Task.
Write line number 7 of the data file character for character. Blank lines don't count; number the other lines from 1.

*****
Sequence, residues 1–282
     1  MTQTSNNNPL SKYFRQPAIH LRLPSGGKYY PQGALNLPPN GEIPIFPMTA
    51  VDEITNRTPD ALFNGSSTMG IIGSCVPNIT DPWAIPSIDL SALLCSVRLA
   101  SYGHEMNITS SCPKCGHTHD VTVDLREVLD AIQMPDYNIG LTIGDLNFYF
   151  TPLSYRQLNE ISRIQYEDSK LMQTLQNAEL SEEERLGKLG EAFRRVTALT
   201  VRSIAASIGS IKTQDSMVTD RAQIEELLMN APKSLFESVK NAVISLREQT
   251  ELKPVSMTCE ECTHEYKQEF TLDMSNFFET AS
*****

   251  ELKPVSMTCE ECTHEYKQEF TLDMSNFFET AS